PhotoPlus 2013 Show Recap
An overview of the NYC-based photo trade show
By PF Staff in Trade Shows on Oct 29, 2013
The annual PhotoPlus trade show and conference was held in the Javits Convention Center in New York City this past weekend. We have already reported on the surprise presence of Pentax and on the K-3, but we still owe you an overview of the show, as there were many other interesting exhibitors and products on display. In this post we'll take a look at many of the interesting things that the show had to offer!
The show occupied but a small corner of this huge convention center and was therefore easy to navigate.
Pentax (Ricoh Imaging) wasn't part of the official exhibitor list for this year's show. However, while moving about the show floor, we spotted a small Ricoh banner beside the Unique Photo booth.
Upon taking a closer look, next to the banner we discovered a small Pentax exhibit led by two Ricoh Imaging Americas representatives (not Unique Photo employees). The Ricoh Imaging banner was brand new: it featured an image taken with the Pentax 645D as well as a photo of the current Pentax lineup, complete with the K-3, HD Limiteds, K-50, Q7, and WR flashes.
HD Pentax Limited Primes (Not pictured: the 35mm macro, which was mounted on the K-3) - Click to Enlarge
Although the HD Limited lenses were on display and available for visitors to try out, it's hard for us to say anything about their performance until we test them in the studio (the lenses have improved coatings and rounded aperture blades). Our set of 5 HD Limiteds is already on its way from B&H.
As you can see above, Pentax had the K-3 on display along with a handful of lenses and K-50's in many colors. We've already posted separate articles with more about the Pentax booth as well as our impressions of the K-3 from the show, so we won't be covering that here.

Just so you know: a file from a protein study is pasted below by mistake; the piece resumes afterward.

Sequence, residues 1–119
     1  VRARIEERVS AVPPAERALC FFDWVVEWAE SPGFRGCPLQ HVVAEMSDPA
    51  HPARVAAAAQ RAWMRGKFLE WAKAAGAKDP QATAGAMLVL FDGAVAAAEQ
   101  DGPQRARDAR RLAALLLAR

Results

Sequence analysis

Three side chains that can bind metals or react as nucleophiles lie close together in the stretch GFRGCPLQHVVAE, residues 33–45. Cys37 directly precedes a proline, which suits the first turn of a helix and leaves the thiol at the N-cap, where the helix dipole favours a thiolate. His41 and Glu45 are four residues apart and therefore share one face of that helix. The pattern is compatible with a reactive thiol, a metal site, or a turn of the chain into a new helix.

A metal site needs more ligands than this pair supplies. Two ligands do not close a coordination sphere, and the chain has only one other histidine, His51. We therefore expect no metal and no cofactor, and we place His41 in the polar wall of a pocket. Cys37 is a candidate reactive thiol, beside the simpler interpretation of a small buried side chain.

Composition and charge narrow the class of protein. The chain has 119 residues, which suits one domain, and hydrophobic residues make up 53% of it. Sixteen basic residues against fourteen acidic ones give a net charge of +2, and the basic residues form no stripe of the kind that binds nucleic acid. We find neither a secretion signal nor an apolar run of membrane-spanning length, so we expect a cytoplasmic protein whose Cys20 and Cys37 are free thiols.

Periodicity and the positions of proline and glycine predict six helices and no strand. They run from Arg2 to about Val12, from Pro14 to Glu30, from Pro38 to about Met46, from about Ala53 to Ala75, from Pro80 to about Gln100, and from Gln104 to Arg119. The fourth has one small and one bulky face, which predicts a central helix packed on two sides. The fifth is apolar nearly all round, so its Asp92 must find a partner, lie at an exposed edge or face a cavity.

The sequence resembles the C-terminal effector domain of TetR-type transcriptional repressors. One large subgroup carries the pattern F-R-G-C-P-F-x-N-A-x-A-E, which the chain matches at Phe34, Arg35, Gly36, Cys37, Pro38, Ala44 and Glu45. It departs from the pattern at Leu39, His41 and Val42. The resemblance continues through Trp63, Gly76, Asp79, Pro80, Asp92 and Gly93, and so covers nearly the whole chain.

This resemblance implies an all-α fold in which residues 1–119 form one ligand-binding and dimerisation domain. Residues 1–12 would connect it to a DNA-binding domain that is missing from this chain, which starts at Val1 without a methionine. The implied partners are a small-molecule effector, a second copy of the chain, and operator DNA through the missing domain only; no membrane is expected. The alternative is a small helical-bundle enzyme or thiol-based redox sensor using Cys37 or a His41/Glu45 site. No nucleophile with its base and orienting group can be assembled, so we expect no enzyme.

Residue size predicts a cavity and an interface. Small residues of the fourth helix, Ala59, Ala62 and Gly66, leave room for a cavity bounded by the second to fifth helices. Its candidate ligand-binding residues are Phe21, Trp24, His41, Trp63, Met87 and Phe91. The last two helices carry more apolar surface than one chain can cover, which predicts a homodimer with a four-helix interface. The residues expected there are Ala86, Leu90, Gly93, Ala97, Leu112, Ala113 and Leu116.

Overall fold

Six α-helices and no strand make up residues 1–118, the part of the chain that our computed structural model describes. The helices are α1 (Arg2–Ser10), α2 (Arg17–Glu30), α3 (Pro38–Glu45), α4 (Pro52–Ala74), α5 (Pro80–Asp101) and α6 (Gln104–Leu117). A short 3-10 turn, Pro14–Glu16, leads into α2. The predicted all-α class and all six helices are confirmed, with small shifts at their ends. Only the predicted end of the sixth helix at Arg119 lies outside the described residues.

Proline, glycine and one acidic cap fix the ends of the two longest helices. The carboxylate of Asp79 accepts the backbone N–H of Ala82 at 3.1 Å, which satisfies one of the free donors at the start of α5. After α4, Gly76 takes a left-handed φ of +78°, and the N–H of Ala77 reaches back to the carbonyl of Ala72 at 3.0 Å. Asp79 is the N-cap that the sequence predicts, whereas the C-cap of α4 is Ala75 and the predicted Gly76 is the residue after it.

Pentax K-3 with HD 35mm Macro and D-BG5 Grip - Click to Enlarge
The remainder of this article will focus on other companies present at PhotoPlus 2013.
We begin with Sony, which had some exciting news to share. Sony mainly had its new Alpha 7 and Alpha 7R full-frame mirrorless cameras available for testing with a variety of new FE lenses. The Sony booth, while quite prominent thanks to two large logo banners, was somewhat easy to overlook by visitors already on the floor due to its open layout.
The first display that caught our attention was the Alpha 7R mounted on a tripod and with a large Alpha-mount lens attached. The camera proved to be surprisingly easy to hold thanks to its oversized grip, and despite its light weight, it felt well-balanced even with a lens of this size.
We immediately tested out the autofocus speed which was very fast and sure-footed. It was suspiciously-fast for a contrast detect system so we examined the setup we were playing with a bit closer.
And as it turned out, the autofocus system in this case was not contrast detect, but thanks to a bit of Sony innovation, phase detect as we know and love it in a DSLR.
The camera itself uses the E-Mount which has a much smaller register distance than the DSLR/SLR Alpha mount that was inherited from Konica/Minolta. The lens therefore had to be mounted using an adapter (in this case it was the LA-EA4 Alpha to E-Mount adapter).
This adapter has an integrated phase detect autofocus system which leverages the fixed translucent mirror technology found in later Sony DSLRs (a.k.a SLT's). Thanks to this adapter, the A7's autofocus was very fast. The adapter (as well as the LA-EA3 adapter without built-in AF mechanism) suports all exposure modes and open aperture metering. This technology comes at a price, though: the mirror in the adapter reduces the light that will hit the sensor by about one stop.